Two pilots, on their way home from EAA AirVenture, make an impromptu stop in an alfalfa field in Indiana. The dairy farmer who owns the field comes to investigate. What happens next is a story of friendship that has lasted for a decade. It has evolved into Barnstorming, a 48-minute documentary. A Pitts and a Pietenpol play lead roles, but the filmmakers say the story really is about the people who are drawn together by the aircraft. Read more >>
For daily news updates, see AOPA Online.
ga serves america
Aero club helps Air Force do business
In Lt. Col. Stephen Hunter’s nearly four years of service at Florida’s Eglin Air Force Base, he regularly attended out-of-town conferences and meetings. Hunter and his colleagues coordinated those trips with the base’s aero club, signed out airplanes, and flew off, utilizing the club almost like a motor pool for aircraft. According to Hunter, using GA aircraft not only saved time but also money. Read more >>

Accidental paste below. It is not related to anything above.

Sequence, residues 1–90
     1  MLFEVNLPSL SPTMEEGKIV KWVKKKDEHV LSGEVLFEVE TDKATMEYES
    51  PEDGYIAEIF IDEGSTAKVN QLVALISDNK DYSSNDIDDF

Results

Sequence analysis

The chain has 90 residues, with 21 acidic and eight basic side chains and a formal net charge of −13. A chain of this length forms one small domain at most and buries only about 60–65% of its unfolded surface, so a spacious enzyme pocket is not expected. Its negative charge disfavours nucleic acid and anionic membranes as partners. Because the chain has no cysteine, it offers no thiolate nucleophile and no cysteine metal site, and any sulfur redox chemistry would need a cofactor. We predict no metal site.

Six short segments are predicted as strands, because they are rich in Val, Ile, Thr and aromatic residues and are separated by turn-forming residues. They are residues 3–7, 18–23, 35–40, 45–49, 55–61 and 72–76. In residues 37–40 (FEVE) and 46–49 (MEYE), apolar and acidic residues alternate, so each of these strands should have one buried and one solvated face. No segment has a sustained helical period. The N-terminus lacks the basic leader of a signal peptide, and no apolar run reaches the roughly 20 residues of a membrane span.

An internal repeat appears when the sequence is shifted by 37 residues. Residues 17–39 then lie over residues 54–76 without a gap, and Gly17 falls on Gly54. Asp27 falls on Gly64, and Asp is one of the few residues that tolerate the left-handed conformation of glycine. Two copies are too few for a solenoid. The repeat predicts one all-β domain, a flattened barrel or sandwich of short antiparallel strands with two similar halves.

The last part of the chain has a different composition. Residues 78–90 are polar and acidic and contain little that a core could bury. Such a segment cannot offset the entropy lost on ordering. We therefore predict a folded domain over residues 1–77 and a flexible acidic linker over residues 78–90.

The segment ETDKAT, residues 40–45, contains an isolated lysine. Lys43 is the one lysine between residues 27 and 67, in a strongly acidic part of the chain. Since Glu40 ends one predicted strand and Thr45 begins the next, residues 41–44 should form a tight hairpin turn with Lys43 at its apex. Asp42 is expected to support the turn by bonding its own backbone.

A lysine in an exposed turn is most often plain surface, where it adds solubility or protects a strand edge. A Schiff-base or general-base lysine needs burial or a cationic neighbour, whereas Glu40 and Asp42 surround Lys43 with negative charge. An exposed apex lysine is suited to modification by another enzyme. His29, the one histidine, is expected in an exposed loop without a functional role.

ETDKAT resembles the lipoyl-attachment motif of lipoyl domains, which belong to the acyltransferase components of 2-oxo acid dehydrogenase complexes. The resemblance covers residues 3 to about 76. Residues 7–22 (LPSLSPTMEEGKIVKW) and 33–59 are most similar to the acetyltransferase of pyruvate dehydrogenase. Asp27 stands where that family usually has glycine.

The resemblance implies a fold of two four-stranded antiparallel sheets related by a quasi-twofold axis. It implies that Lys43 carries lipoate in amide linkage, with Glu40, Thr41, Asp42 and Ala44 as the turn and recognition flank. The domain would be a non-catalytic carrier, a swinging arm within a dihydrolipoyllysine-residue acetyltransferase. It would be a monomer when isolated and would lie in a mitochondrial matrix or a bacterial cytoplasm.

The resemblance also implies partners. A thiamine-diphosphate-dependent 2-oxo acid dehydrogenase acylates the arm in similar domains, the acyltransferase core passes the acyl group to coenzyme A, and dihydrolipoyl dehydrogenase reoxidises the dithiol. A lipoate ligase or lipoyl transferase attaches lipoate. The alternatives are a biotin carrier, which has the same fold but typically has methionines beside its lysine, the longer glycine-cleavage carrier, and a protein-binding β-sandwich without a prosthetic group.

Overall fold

General aviation helps electrical firm take off
Pete Burgher of Howell, Mich., is a successful businessman whose second career would not have been nearly as successful without the use of his general aviation airplanes. A CPA, Burgher retired after 25 years with an international firm—then, in 1980, he bought Marelco Power Systems, Inc., which manufactures electrical components. “Its business was confined to a very narrow 200-mile radius in central Michigan,” he said. After one of his employees stole a lot of the company’s money, Burgher had to decide what to do about the business. “I began a strategy of geographic diversification, which turned out to be prophetic,” he recalled. His Piper Twin Comanche made it possible. Read more >>